Modeling van der Waals forces in graphite



Modeling van der Waals forces in graphite
Modeling van der Waals forces in
Tony Carlson
Structure of Graphene
Flat hexagonal sheet
Bond length 1.42 Å=1.42x10 m
SP2 covalent bonds
• Pz orbital out of plane
Paula Bruice, "Organic Chemistry", Prentice Hall, 2003
covalent bond
AFM Images of Graphene
Graphite is simply stacked graphene layers
Nealy 100% ABA stacking
Interlayer separation
Zeq = 3.35 Å
Stacking Type
Van der Waals dispersion forces hold graphite
Who is this “van der Waals” ?
'a' and 'b' are constant depending on the gas
'a' ~ intermolecular interaction strength
'b' ~ molecular size
Whats the nature of this attraction?
Three distinct contributions, Orientational, Inductive,
Dipole - Dipole
( Keesom energy )
Dipole – Induced Dipole
( Debye energy )
Dispersion is Quantum Mechanical
Spontaneously induced dipoles
● Purely quantum mechanical
effect proved by London (1927)
● General distance dependence
Fritz London
The dispersion term is present in polar systems
and is almost always dominant
Donald McQuarrie and John Simon, P hysical chemistry: a molecular approach, Viva Books, 2005.
Lenard Jones (6-12) Potential
Energy vs. Bond length
Steep repulsion due to the
Pauli exclusion principle
Well depth = bond strength
Minima – corresponds to bond length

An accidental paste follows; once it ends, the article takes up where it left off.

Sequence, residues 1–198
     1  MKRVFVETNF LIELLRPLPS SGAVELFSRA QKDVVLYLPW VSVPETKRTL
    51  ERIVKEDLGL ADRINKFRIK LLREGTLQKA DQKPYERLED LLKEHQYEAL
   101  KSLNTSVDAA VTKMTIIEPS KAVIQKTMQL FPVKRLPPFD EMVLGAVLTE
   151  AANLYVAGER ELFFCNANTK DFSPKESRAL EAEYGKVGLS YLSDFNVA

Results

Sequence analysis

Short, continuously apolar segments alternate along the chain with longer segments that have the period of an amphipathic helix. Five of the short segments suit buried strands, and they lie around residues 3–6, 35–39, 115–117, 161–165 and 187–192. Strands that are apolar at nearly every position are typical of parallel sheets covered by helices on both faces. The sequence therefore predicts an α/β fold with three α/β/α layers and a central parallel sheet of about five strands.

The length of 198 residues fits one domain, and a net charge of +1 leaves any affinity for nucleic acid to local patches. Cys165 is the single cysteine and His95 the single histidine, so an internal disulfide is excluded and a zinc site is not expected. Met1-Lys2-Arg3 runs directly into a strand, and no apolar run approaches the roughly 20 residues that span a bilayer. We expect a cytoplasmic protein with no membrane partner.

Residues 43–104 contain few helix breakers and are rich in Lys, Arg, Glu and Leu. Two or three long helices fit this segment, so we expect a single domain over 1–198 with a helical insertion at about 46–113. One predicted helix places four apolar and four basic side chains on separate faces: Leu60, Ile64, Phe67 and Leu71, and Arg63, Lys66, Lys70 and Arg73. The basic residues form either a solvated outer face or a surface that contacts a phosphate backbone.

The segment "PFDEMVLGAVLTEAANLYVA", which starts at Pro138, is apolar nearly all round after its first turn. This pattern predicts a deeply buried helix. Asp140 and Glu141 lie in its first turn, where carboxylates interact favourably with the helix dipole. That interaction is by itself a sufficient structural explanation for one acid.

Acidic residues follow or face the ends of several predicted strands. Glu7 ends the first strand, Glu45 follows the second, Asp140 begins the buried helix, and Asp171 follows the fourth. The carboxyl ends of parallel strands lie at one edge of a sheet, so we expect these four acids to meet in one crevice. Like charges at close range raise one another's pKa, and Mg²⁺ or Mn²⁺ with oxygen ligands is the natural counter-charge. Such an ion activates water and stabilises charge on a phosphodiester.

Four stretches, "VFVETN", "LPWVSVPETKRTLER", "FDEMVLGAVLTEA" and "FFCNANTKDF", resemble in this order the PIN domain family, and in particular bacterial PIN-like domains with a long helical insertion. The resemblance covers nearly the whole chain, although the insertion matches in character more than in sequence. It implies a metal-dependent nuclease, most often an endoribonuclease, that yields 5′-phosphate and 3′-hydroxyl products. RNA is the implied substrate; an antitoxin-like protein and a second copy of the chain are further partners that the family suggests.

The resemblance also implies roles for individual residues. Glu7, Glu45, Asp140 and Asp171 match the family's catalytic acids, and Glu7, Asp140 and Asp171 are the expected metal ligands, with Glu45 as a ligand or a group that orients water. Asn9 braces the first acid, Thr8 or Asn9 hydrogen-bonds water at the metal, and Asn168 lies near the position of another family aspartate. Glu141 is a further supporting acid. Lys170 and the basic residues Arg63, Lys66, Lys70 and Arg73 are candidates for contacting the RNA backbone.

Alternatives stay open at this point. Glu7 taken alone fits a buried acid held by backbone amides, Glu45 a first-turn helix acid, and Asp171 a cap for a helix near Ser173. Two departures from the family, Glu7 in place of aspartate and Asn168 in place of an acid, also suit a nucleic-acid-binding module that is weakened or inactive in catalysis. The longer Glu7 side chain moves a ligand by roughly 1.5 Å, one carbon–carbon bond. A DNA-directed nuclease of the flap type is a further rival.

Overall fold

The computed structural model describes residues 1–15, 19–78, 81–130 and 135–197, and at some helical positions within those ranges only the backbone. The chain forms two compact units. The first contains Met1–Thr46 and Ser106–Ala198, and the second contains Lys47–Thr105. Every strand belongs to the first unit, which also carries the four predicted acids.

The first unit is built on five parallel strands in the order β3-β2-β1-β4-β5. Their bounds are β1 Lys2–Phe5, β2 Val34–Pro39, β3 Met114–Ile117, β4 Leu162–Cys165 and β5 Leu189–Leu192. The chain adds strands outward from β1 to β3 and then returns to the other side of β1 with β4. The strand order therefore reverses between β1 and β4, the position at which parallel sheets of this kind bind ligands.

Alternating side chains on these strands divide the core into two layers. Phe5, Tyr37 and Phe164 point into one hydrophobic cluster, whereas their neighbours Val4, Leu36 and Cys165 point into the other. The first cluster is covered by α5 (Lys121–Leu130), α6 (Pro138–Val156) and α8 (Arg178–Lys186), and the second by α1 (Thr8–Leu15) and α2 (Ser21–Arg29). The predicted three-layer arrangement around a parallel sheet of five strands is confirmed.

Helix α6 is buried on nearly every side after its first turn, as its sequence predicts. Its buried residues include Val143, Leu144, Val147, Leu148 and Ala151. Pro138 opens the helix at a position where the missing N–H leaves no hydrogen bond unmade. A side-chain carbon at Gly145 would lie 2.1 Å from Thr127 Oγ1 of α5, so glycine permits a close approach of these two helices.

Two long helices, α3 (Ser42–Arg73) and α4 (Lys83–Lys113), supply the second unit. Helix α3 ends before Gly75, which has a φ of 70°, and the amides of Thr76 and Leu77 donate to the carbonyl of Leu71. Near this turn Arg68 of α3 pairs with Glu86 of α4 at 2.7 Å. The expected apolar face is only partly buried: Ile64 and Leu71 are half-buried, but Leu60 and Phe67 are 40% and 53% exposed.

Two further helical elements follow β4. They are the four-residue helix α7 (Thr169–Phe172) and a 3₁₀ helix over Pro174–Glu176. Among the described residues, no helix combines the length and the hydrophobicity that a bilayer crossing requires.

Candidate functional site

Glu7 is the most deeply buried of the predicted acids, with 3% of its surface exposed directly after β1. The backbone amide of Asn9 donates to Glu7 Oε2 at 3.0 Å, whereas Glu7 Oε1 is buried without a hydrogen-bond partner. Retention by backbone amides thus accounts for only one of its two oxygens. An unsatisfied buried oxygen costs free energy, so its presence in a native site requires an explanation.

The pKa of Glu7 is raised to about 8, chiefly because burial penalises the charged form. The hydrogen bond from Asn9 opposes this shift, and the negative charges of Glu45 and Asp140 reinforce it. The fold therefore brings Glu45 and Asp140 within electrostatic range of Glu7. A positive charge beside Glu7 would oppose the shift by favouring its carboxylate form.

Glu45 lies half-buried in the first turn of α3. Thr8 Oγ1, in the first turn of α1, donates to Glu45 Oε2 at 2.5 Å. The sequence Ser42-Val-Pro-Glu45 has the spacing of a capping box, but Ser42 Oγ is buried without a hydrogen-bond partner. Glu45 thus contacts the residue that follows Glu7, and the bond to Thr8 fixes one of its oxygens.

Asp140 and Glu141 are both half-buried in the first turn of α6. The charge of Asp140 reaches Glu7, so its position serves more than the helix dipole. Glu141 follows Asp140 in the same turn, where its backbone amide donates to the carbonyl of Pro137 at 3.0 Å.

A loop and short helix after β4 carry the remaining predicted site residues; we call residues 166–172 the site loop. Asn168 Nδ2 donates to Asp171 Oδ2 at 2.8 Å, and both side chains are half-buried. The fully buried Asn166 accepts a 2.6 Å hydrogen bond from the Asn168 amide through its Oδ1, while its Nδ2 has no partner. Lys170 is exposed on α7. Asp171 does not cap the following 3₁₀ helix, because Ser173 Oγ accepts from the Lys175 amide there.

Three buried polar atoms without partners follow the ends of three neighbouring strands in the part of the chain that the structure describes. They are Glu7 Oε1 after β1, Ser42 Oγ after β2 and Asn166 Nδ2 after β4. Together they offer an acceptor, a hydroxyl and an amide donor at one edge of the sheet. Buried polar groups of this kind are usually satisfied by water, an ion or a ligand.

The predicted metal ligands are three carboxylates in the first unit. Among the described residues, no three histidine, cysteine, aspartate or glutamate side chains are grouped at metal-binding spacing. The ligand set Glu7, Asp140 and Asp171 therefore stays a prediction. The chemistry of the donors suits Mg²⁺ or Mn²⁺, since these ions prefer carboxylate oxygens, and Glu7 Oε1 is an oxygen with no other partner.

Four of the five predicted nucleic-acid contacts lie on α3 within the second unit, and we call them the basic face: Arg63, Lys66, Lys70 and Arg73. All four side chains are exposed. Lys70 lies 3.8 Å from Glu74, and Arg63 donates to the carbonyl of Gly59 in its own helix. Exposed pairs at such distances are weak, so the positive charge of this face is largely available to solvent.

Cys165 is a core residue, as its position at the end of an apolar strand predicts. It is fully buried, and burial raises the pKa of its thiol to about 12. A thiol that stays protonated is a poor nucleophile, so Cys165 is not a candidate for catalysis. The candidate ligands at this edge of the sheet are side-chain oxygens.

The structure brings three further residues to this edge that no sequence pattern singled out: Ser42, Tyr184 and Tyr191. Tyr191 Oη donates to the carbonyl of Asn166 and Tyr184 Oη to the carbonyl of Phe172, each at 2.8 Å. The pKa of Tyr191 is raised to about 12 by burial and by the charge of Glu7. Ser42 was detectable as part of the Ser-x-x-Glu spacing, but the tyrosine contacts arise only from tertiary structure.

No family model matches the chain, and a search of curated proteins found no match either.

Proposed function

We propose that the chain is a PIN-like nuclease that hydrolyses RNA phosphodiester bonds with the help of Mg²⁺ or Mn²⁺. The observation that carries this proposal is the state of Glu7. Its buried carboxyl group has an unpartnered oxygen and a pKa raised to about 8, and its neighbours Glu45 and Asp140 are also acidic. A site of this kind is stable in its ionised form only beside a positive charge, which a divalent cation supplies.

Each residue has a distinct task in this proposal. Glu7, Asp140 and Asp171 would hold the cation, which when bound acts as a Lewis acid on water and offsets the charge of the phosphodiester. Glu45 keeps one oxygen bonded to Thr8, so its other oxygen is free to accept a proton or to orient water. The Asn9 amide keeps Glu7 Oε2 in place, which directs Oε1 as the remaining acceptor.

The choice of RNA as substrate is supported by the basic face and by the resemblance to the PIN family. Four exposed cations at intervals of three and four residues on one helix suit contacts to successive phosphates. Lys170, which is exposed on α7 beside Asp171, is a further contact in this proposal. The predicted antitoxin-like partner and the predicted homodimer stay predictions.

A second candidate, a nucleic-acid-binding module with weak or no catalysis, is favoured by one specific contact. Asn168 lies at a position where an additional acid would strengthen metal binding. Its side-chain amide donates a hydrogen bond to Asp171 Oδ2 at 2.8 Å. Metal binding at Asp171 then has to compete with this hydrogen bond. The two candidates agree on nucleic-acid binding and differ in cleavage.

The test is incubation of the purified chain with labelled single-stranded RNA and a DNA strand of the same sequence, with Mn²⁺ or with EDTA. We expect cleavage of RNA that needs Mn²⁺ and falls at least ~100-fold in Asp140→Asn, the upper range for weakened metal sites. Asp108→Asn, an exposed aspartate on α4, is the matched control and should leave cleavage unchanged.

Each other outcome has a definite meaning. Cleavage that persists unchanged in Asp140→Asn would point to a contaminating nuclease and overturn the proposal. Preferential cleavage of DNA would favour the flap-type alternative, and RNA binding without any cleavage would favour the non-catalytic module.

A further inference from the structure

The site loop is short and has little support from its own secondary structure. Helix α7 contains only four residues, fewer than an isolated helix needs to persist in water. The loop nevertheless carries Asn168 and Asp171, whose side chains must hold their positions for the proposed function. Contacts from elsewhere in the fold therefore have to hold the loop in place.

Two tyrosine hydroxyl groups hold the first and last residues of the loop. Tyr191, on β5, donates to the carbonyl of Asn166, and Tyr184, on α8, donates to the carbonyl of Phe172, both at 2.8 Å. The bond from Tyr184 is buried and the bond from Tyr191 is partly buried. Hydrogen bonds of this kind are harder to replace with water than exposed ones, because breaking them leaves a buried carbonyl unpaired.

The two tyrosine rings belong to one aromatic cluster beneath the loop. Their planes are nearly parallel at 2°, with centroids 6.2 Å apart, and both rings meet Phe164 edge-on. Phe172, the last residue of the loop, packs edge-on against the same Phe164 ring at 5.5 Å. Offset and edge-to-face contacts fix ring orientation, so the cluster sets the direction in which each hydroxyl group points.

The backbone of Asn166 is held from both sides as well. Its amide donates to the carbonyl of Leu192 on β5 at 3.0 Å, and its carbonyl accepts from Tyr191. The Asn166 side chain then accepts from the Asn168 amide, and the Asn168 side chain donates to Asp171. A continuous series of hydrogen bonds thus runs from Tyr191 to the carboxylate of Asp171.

Graphite Interlayer energy
Graphene layers are basically closed shell
systems (no covalent bonding between layers)
● Energy between layers is a balance between
Attractive dispersion forces
Corrugated repulsive overlap forces
Energy vs. interlayer separation similar to LJ pot.
Super Quick Quantum Overview
Schroedinger Equation
Linear Combination of Atomic Orbitals
Rayleigh-Ritz variation to minimize E
Eigenvalue problem:
- Solutions
1) eigenvectors c
2) eigenvalues E
Each element of the matrix H is a triple integral over 3 space of two orbitals......
Parameterization via ab-initio methods
Key to TB: parameterize these integrals as a
function of distance and orbital orientation
● Done with ab-initio density functional theory
J.C. Slater and G.F. Koster, S implified lcao method for the periodic potential problem, Physical Review 94 (1954), 1498-1524.
D. Porezag, Th. Frauenheim, and Th. Kohler, C onstruction of tight-binding-like potentials on the basis of density-functional theory:
Application to carbon,Physical Review B 51 (1995), no. 19, 12947-12957.
Weakness of this TB model
Interlayer binding non-existent in graphite
No minima
at Zeq
Why does it only predict repulsion?
How do we address this?
Add an empirical dispersion term to the total energy
Proposed form of potential – motivated by London's derivation
Two free parameters to fit ( C and α )
Interlayer Bonding in Graphite
Experimental data related to interlayer energy
Equilibrium spacing
● Exfoliation energy (well depth)
● Phonon Frequency
= 3.35 Å
= 42.6 meV
= 2.97 x 10-12 cm2 dyne-1
= 1.26 THz (E2g1 shear mode)
Ab-initio data related to interlayer repulsion
Energy difference between AAA/ABA stacking
= 17 meV
Fitting dispersion term
Step 1
- inflate/deflate Pz orbitals to get 17 meV between AAA/ABA
Step 2
- Fit function for C and α, such that
* Equilibrium separation ( Zeq =3.35 Å )
* Exfoliation energy ( 42.6 meV)
Fit results
% error
< 0.1
< 0.1
E2g1 mode
~ 0.5
~ -4.7
Not explicitly fitted to
Lateral Energy Landscape
E2g1 ~ Well curvature

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